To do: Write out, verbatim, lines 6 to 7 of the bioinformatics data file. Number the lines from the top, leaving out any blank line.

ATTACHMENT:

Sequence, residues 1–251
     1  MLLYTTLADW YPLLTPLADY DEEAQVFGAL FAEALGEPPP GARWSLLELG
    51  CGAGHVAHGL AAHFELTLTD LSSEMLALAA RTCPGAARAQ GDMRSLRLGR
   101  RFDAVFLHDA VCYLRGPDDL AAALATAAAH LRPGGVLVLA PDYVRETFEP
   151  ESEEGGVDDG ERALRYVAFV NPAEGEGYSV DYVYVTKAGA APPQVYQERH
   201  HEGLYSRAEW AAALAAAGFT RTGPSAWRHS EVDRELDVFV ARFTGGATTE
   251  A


   201  HEGLYSRAEW AAALAAAGFT RTGPSAWRHS EVDRELDVFV ARFTGGATTE
   251  A